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Pa. Fall Family Farm Day a living history of chores in the 1800s

November 08, 2008|By CHRIS CARTER

GREENCASTLE, Pa. -- Give a person a bar of soap and a jar of apple butter and they might stay clean and full for a week.

Teach a person to make soap and apple butter and they could be clean and full for a lifetime.

Soap-making and brewing apple butter were two of the demonstrations put on Saturday during the first Fall Family Farm Day at Allison-Antrim Museum. The event showcased 19th-century chores and featured candle dipping and creating a natural stain from boiled walnuts.

"We try to show what it would have been like back then," said Shari Walker, whose family was invited from Martinsburg, W.Va., to the Allison-Antrim Museum to give a "living history" of the 1800s. "A lot of these things are daylong projects, but we tried to break it down just to give people an idea of what it was like. It's nice to get the children out here so they can see how different it was."

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Kay Shomper showed visitors how lard is turned into soap, first by rendering the fat. She then cooked up the recipe and turned out dozens of bars of lye soap and Castile soap. The Castile soap is made using olive oil instead of animal fat.

Shomper also dipped candles, taking a wick attached to a small wooden rod and sinking it into a pot of wax. Once the candles cooled, visitors could take home their self-made candlesticks.

"This is just a fun day for families," museum president Bonnie Shockey said. "A lot of grandparents brought their grandchildren, which is nice to see. Hopefully, we can make this into an annual event."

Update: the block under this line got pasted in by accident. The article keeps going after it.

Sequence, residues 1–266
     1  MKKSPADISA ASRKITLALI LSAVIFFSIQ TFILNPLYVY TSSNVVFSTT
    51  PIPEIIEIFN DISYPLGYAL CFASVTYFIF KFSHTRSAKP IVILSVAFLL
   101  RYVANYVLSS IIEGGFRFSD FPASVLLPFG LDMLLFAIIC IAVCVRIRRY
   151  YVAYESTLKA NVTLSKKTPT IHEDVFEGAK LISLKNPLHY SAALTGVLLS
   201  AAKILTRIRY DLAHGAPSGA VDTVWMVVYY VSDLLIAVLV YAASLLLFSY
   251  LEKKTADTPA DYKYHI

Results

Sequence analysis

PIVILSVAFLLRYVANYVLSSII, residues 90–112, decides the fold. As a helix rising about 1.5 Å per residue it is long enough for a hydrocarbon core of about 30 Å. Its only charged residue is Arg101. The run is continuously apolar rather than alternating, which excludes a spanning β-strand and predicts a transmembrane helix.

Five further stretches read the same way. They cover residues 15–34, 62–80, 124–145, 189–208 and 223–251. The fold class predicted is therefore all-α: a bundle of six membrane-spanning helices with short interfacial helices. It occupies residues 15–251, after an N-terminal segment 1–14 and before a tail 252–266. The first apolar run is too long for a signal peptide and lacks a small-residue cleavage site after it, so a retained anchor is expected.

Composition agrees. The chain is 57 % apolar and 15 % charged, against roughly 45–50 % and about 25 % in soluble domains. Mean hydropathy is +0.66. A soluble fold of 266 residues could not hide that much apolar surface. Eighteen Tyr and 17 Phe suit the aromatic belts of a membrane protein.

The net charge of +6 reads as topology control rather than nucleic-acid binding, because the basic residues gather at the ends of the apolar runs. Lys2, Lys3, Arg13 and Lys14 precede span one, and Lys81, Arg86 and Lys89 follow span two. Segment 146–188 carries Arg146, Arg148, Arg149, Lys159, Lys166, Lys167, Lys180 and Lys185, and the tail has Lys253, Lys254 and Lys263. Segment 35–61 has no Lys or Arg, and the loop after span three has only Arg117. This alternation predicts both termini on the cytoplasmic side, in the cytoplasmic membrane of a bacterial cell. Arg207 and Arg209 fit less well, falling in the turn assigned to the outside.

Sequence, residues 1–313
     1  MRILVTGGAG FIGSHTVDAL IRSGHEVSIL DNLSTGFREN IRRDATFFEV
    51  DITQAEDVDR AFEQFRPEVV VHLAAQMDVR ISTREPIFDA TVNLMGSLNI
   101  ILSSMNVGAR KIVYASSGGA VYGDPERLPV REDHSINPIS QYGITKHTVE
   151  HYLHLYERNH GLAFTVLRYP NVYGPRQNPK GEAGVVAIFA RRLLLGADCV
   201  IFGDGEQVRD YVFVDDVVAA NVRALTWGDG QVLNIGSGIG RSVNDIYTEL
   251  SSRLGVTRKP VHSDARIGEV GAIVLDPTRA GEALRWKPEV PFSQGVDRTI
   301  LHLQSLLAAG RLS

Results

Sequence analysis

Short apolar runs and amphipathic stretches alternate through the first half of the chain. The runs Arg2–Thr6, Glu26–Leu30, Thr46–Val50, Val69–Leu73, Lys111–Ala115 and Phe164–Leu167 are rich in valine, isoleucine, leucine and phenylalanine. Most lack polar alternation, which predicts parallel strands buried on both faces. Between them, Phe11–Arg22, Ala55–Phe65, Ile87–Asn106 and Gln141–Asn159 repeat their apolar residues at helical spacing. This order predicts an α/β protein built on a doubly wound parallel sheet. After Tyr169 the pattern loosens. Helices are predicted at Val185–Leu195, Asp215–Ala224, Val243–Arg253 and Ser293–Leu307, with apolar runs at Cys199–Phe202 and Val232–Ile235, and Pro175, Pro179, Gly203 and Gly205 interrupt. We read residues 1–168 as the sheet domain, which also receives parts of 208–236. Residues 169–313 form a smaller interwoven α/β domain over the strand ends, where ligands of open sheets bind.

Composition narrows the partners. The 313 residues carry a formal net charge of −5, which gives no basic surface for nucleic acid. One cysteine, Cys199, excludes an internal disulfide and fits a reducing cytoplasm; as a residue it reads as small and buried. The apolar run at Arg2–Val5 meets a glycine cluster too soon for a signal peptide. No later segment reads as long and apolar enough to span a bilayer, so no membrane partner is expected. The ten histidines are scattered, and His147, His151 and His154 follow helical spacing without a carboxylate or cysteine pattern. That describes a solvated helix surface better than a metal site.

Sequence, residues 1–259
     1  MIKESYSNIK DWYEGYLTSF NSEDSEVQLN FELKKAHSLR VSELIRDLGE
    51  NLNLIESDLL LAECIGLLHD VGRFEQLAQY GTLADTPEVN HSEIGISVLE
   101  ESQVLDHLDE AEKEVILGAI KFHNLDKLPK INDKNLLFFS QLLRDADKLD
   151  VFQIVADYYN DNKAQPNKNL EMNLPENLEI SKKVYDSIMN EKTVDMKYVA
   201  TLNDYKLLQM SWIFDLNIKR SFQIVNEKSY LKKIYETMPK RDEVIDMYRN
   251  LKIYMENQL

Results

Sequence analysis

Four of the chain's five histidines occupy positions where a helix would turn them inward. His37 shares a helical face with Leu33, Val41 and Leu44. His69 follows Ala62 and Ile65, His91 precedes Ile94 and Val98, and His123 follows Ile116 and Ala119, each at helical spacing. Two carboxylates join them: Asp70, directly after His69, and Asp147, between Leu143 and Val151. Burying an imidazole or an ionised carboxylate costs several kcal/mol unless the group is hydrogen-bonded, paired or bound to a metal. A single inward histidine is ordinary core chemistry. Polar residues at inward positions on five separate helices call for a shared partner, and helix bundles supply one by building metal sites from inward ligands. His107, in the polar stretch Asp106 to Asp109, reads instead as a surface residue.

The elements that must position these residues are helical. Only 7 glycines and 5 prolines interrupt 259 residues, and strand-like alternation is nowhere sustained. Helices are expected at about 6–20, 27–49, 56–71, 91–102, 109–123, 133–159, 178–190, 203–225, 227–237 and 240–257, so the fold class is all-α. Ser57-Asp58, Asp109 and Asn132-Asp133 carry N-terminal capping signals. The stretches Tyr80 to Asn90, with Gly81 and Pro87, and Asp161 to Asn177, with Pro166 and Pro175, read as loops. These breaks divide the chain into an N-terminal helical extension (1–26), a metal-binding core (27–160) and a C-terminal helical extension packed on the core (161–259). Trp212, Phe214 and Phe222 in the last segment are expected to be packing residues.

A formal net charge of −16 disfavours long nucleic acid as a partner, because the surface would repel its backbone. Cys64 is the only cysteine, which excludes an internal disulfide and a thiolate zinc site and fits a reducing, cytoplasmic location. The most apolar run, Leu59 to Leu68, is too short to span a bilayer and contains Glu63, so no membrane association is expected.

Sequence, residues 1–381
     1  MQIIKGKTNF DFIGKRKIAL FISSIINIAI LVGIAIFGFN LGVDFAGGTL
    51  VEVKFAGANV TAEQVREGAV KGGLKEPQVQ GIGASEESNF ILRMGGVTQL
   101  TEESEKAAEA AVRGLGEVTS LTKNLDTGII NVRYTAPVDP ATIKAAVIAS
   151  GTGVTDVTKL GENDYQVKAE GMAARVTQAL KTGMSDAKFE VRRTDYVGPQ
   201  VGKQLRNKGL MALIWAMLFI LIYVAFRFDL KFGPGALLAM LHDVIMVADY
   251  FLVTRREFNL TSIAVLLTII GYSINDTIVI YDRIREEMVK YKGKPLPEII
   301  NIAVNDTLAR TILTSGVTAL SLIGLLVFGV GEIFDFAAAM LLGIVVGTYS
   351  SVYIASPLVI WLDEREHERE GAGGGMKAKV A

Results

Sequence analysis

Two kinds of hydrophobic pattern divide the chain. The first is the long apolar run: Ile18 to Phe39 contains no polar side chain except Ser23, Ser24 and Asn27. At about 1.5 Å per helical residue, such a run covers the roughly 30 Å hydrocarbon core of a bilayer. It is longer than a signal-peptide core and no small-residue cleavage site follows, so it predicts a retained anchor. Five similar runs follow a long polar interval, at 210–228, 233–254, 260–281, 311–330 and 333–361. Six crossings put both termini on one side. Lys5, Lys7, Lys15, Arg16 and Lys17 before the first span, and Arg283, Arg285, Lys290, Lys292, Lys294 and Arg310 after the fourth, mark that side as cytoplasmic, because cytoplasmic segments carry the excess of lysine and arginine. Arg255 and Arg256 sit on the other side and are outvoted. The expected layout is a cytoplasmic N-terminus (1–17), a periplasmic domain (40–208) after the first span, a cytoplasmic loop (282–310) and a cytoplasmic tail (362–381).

Should there be a second Fall Family Farm Day, it is sure to be on a larger scale. By then, the museum's Civil War-era barn is expected to be completed for at least limited collection use for museum artifacts, according to project manager Keven Walker, son of Shari Walker.

In fact, the natural stain demonstration shown Saturday is the same process that will be used to stain the recycled floor boards in the upper level of the barn.

The historic barn was once at the intersection of Loop Road and U.S. 11 in Chambersburg before being purchased by the museum. The barn was dismantled in the spring of 2004 and each individual stone and beam was marked so that it could be reconstructed exactly as it was a century and a half earlier to maintain its authenticity.

"People went through all this trouble to get this barn here and get it up, so we want to keep it looking like a barn," Keven Walker said. "Barns were the center of agricultural life, and agricultural life was the center of this region. We're trying to make the barn as much like that as we can."

Upon completion, museum valuables will be moved to the barn from the museum house, which has become too small for the hundreds of priceless artifacts currently inside.

The reconstructed barn will have a library area and a children's area on the upper level, while a secure collections area will be formed underneath. But the new technology that will be installed, virtually by necessity, will not detract from the barn's historical validity, Keven Walker said.

"This is taking it into the 21st century of collection care in a 19th-century building," he said. "The barn itself is as much as an exhibit as the museum."

The project is community-funded by donations, which can be made at the museum located at 365 S. Ridge Ave. Fall Family Farm Day helped the cause by giving proceeds from a limited lunch menu to the project.

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